The renewable power surplus in Northeast China is growing, and it is creating some curtailed power, which, if used in this project, could result in near-zero prices for the power. The announcement’s ratio of wind power to hydrogen is appropriately conservative and suggests the use of power at off-peak times. This will be a very low cost with the challenge of getting the fuels to distant markets in China, assuming there is insufficient local consumption. This area is one of the very few locations in the world where we expect to see the production of very low-cost green hydrogen.

Itochu and Hive to collaborate on green ammonia project in South Africa

  • ITOCHU and Hive will cooperate on the green ammonia production project in Coega, Nelson Mandela Bay, the Eastern Cape province in the Republic of South Africa.
  • Scheduled to be commissioned in 2028, the plant will supply Japan, Korea, and Europe with over 900,000 tons annually in the first of four phases.
  • Hive is confident that its green ammonia pricing for pre-2030 supply will be one of the lowest in the world.

This should be a relatively attractive project if the capital costs can be kept under control, but it may fall foul of one of the issues we discussed last week, which is the dedicated use of renewable power at low prices for industrial projects, when the power may be of more value to residential customers or industrial users in more labor-intensive industries – so good for jobs.

Ammonia/Methanol Update

Based on the analysis above for the US and our views of higher power costs outside the US – except in China, we see no way in which the chart below can be correct. See our research, The Cost Of Developing Hydrogen Vectors Without Blue Is Too High, highlighting that wherever carbon capture and storage are possible, blue hydrogen (and ammonia) will likely be cheaper than green. It is also the only near-term option to develop scale for CO2-free product generation alongside their likely increased consumer acceptance. Though we see examples of infrastructure sharing and repurposing to reduce the time and cost associated with new construction, such as locating hydrogen electrolyzers near existing gray ammonia plants and converting gray ammonia facilities to blue and the eventual retiring of some gray production for green, we see blue production growing volume faster than green near term.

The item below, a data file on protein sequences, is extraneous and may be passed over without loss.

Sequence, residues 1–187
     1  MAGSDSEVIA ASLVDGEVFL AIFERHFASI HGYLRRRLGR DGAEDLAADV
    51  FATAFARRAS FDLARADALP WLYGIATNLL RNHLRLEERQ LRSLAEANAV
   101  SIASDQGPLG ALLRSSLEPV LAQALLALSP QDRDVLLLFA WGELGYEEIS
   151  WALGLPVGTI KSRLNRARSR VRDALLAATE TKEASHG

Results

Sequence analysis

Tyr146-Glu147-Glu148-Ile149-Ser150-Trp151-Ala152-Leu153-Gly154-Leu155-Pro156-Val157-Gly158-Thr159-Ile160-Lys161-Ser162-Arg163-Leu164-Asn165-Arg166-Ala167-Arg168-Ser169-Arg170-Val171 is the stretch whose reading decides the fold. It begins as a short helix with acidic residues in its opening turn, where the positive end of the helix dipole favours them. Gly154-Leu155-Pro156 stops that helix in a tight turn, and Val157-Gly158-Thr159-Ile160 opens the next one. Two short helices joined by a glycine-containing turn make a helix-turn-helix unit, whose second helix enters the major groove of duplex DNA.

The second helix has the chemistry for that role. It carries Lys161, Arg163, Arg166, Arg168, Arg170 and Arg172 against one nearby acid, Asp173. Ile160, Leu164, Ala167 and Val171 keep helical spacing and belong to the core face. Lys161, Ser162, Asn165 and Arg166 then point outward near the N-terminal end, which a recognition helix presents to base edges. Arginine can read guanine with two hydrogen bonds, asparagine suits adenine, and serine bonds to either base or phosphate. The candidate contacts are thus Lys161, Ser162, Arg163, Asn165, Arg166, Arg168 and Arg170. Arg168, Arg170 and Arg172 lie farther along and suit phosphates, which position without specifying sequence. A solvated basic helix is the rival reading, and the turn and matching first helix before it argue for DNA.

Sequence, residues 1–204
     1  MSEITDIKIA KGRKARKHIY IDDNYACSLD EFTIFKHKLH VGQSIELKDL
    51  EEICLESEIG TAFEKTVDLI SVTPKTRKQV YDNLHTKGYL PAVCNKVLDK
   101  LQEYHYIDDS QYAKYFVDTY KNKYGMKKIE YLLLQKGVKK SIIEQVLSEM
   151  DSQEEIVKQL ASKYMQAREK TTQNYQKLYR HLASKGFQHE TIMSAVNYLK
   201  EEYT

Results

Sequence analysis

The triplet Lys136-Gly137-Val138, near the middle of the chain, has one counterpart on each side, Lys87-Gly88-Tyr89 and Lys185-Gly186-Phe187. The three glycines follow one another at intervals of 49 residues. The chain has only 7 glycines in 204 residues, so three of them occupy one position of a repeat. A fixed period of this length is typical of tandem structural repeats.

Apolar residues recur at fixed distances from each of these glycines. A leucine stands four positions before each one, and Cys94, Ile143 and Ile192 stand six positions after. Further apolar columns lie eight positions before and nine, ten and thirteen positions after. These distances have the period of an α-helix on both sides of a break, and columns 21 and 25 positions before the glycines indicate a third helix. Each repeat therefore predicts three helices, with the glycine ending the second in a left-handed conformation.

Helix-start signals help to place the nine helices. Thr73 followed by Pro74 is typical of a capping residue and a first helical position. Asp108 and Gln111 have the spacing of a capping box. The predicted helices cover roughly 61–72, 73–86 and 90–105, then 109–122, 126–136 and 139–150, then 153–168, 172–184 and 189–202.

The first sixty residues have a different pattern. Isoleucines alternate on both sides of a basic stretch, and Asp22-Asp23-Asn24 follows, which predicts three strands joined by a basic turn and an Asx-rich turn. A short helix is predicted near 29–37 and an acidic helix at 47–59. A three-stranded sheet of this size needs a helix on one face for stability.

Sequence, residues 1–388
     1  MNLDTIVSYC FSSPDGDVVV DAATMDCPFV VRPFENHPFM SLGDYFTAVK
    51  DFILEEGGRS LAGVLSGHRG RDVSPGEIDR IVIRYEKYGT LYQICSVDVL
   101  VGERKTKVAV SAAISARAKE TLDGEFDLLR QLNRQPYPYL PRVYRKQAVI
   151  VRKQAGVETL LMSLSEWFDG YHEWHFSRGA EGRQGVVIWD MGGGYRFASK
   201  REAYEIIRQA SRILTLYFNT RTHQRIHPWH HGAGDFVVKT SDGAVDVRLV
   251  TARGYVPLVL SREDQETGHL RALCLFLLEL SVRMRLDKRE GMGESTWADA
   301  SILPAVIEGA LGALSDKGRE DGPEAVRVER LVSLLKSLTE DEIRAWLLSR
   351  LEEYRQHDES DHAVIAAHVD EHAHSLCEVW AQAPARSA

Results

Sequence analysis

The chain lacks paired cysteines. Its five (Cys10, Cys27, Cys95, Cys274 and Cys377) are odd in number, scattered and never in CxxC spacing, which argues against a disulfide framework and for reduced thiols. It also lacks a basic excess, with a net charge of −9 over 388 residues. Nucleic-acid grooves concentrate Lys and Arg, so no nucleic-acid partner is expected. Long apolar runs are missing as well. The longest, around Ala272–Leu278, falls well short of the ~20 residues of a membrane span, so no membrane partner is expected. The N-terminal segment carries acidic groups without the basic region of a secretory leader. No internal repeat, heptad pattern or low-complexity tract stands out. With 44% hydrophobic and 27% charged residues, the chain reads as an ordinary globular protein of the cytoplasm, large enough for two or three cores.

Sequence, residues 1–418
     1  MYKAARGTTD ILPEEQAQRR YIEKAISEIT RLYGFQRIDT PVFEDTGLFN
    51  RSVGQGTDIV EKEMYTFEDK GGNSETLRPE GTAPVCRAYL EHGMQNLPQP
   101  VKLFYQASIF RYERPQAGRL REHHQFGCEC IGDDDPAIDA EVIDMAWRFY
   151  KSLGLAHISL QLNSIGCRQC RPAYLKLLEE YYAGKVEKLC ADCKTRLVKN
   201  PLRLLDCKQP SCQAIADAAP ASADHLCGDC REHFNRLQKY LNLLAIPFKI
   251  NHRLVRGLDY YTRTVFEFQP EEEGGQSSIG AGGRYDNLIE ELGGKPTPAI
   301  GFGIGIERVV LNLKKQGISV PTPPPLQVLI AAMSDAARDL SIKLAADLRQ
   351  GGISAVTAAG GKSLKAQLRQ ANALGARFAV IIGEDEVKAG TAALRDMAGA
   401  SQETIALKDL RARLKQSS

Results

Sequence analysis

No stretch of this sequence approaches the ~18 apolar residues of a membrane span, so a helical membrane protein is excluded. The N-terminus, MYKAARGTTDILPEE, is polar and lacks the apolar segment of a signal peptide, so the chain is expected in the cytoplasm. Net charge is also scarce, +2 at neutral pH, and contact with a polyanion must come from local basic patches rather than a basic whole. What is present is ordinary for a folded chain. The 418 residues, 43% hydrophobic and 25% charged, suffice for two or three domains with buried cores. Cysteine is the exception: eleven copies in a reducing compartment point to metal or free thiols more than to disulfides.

Exhibit 5: Bloomberg estimates green ammonia cost parity by 2030, assuming demand scales – see full paper in LINK.

Source: BloombergNEF, December 2023

Power Update

Given the context of the report today, we show another example of something that is not economic and is sucking up government subsidies and taxpayers’ money. Several European countries have spot power prices that do not cover the cost of power generation and, in some cases, do not even cover a subsidized cost. If this power is then used to make expensive hydrogen, where either production or demand (or both) need subsidies, you end up with government-funded expenses that drive higher taxes and likely cause greater political friction, especially if one European country is seen to be subsidizing more than another, to the benefit of other countries. Power is a scarce resource globally, and it will be for many years. Using that power most effectively today means not subsidizing expensive green hydrogen, in our view, especially where you have a blue alternative.

Exhibit 6: Europe’s battery storage profitability through PPAs in question as price variance creates trading avenue

Source: Rystad Energy, December 2023

See PDF for More Analysis in the Appendix